Manav Kalyan Sangh Dal1,5170.000
Revolutionary Communist Party of India (Rasik Bhatt)1,5160.000
All J & K Peoples Patriotic Front1,5000.000
Kamjor Varg Sangh, Bihar1,4810.000
United Citizens Party1,4140.000
Rashtriya Sawarn Dal1,4070.000
Goa Vikas Party1,4070.000
Akhil Bharatiya Manav Adhikar Dal1,3330.000
Akhil Bhartiya Loktantra Party1,2650.000
Labour and Job Seeker's Party of India1,2270.000
Bahujan Kranti Dal1,2180.000
Secular Party of India1,1800.000
Rashtriya Aikta Manch1,1690.000
Gandhiwadi Rashtriya Congress1,1630.000
Pragati Sheel Party8580.000
Bharat Nav Jyoti Sangh8060.000
All India Minorities Front8050.000
Bahujan Ekta Party (R)7830.000
Bharatiya Momin Front7370.000
Indian National Green Party5940.000
Bharatiya Jan Vikas Party5710.000
Ambedkarbadi Party5430.000
Bharatiya Parivartan Morcha5080.000
Rashtriya Mazdoor Ekta Party4370.000
Christian Mannetra Kazhagam3850.000
Bharatha Makkal Congress3840.000
Rashtriya Dharmanirpeksha Nava Bharat Party3840.000
Kranti Dal3440.000
Bharatiya Muhabbat Party (All India)3380.000
Akhil Bharatiya Shivsena Rashtrawadi2440.000
National Congress Of Youth1790.000
Desh Bhakt Party1730.000
Nominated Anglo-Indians2
Valid votes364,437,29498.05
Invalid/blank votes7,231,8101.95
Total votes371,669,104100.00
Registered voters/turnout619,536,84759.99
Source: ECI

State and Alliance wise

(# of seats)
Alliance/Party Seats Contested Seats won % of votes
Andhra Pradesh(42) NDA Telugu Desam Party 34 29 39.85
Bharatiya Janata Party (BJP) 8 7 9.90
Congress+ Indian National Congress 42 5 42.79
Third Front Communist Party of India (Marxist) (CPM) 7 0 1.4
Communist Party Of India (CPI) 6 0 1.3
- - All India Majlis-e-Ittehadul Muslimeen 1 1 6.05
Arunachal Pradesh(2) Congress+ Indian National Congress 2 2 56.92
NDA Arunachal Congress 1 0 16.62
Bharatiya Janata Party (BJP) 1 0 16.30
- - Nationalist Congress Party 1 0 7.77
Assam(14) Congress+ Indian National Congress 14 10 38.42
NDA Bharatiya Janata Party (BJP) 12 2 29.84
Third Front Asom Gana Parishad 8 0 11.92
Communist Party of India (Marxist) (CPM) 2 0 1.8
Communist Party of India (CPI) 1 0 0.6
- - Communist Party of India (Marxist–Leninist) Liberation 3 1 10.46
- - Independent 44 1 9.36
Bihar(54) NDA Bharatiya Janata Party (BJP) 29 23 23.01
Janata Dal (United) 23 18 20.77
Bihar People's Party 2 0 1.7
Congress+ Rashtriya Janata Dal 35 7 28.29
Indian National Congress 15 4 8.81
Communist Party of India (Marxist) (CPM) 1 0 0.1
Communist Party of India (CPI) 1 0 1.0
Rashtriya Lok Dal 1 0 0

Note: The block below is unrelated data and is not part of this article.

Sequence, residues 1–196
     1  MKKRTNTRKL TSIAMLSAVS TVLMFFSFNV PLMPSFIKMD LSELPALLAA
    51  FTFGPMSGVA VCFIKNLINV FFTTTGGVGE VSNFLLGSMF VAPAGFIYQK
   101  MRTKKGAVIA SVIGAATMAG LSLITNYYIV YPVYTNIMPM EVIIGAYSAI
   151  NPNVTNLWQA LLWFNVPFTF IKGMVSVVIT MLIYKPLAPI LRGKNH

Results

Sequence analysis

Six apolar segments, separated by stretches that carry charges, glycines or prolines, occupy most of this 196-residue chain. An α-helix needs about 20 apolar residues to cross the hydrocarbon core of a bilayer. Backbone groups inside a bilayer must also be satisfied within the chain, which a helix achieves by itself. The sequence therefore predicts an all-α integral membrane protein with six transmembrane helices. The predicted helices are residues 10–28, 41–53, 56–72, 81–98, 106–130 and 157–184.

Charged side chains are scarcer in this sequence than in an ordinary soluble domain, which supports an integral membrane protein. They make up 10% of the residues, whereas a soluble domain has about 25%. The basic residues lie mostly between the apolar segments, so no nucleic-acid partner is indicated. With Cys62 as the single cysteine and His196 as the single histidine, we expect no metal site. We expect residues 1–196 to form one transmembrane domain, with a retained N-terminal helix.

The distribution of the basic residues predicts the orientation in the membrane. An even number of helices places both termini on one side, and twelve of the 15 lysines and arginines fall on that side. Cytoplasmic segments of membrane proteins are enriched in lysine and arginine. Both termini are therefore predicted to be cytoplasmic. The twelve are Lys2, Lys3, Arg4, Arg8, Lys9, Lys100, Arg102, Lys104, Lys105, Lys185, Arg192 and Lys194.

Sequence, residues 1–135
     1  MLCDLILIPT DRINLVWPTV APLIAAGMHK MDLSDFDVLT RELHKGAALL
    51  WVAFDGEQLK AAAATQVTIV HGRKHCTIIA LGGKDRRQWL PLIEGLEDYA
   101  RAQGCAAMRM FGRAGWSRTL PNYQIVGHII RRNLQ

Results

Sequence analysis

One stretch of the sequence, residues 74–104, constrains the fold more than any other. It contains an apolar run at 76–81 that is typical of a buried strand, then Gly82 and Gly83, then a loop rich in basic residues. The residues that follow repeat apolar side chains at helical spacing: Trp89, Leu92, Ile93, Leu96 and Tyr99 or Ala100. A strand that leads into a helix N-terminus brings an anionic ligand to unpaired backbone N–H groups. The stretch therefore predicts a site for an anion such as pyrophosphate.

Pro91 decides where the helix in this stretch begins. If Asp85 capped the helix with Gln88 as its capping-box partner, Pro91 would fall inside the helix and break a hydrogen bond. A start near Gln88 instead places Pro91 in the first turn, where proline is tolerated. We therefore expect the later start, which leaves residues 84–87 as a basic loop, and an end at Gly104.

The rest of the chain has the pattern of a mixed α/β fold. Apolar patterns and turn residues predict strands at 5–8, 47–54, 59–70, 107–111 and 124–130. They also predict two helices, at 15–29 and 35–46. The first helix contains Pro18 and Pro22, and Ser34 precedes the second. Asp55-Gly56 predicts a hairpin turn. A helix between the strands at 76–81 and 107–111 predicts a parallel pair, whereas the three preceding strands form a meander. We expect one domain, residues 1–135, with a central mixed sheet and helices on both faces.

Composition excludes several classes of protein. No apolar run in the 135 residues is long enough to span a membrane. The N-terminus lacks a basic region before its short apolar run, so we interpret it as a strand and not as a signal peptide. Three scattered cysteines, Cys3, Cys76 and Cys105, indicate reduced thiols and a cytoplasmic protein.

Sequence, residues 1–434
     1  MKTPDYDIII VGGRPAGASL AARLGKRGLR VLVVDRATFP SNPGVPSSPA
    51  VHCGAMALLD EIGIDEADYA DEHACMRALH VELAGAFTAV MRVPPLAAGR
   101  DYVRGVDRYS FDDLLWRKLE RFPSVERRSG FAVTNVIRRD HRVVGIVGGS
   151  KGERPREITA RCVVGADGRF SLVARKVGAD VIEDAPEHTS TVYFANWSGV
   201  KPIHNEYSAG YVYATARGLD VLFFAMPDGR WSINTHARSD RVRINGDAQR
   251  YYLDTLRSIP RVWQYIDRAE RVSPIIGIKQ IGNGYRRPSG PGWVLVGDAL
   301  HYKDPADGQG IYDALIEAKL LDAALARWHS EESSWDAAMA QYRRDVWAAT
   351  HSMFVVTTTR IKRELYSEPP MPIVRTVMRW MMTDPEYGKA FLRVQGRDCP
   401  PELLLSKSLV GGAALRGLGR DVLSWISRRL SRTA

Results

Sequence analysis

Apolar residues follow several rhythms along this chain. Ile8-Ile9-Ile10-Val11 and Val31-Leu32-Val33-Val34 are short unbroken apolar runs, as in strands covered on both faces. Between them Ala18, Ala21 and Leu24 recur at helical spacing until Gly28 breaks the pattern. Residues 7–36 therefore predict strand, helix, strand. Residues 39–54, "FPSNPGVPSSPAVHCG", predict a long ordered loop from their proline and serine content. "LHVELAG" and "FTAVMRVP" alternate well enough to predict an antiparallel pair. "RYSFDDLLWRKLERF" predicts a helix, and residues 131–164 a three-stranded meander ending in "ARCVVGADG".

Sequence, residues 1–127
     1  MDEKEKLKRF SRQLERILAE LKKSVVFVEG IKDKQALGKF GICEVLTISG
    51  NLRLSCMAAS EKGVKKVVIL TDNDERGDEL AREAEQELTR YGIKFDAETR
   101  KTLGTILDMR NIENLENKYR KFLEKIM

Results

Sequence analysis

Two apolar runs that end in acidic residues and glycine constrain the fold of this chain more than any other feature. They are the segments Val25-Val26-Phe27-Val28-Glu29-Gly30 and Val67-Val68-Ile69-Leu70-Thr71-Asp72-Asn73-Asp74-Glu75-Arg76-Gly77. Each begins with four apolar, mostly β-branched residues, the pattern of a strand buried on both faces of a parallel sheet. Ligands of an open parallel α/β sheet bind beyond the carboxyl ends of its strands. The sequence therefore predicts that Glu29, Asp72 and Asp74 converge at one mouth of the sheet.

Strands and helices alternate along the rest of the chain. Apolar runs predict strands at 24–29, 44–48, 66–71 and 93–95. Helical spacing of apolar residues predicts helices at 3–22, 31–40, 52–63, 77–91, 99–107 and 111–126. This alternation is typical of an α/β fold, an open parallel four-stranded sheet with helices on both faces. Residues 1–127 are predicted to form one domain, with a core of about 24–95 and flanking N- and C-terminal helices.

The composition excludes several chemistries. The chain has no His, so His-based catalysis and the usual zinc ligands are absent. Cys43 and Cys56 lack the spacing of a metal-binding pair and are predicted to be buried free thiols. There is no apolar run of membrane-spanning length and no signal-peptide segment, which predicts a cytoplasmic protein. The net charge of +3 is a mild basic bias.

Third Front Communist Party of India (Marxist) (CPM) 1 1 0.9
Communist Party of India (CPI) 8 0 1.7
All India Forward Bloc (AIFB) 1 0 0
- - Independent 187 1 4.2
Goa(2) NDA Bharatiya Janata Party (BJP) 2 2 51.49
Congress+ Indian National Congress 2 0 39.01
Gujarat(26) NDA Bharatiya Janata Party (BJP) 26 20 52.48
Congress+ Indian National Congress 26 6 45.44
Haryana(10) NDA Bharatiya Janata Party (BJP) 5 5 29.21
Indian National Lok Dal 5 5 28.72
Congress+ Indian National Congress 10 0 34.93
- - Haryana Vikas Party 2 0 2.71
Himachal Pradesh(4) NDA Bharatiya Janata Party (BJP) 3 3 46.27
Himachal Vikas Congress 1 1 12.37
Congress+ Indian National Congress 4 0 39.52
Jammu & Kashmir(6) - - Jammu & Kashmir National Conference 6 4 28.94
NDA Bharatiya Janata Party (BJP) 6 2 31.56
Congress+ Indian National Congress 5 0 17.83
- - Independent 28 0 9.63
Karnataka(28) Congress+ Indian National Congress 28 18 45.41
NDA Bharatiya Janata Party (BJP) 19 7 27.19
Janata Dal (United) 9 3 13.28
- - Janata Dal (Secular) 27 0 10.85
Kerala(20) Congress+ Indian National Congress 17 8 39.25
Kerala Congress 1 1 2.3
Muslim League Kerala State Committee 2 2 5.6
Third Front Communist Party of India (Marxist) (CPM) 12 8 27.90
Communist Party of India (CPI) 4 0 7.57
Independent 2 0 3.6
Kerala Congress 1 1 2.4
Janata Dal (Secular) 1 0 2.2
NDA Bharatiya Janata Party (BJP) 14 0 6.56
Janata Dal (United) 5 0 1.3
Madhya Pradesh(40) NDA Bharatiya Janata Party (BJP) 40 29 46.58
Congress+ Indian National Congress 40 11 43.91
- - Bahujan Samaj Party 27 0 5.23
- - Samajwadi Party 20 0 1.37
Maharashtra(48) NDA Shiv Sena 22 15 16.86
Bharatiya Janata Party (BJP) 26 13 21.18
Congress+ Indian National Congress 42 10 29.71
Bharipa Bahujan Mahasangh 4 1 2.1
Republican Party of India 2 0 1.4
- - Nationalist Congress Party 38 6 21.58
- - Janata Dal (Secular) 2 1 0.9
- - Independent 78 1 3.3
- - Peasants And Workers Party of India 2 1 0.9
Manipur(2) NDA Manipur State Congress Party 1 1 24.89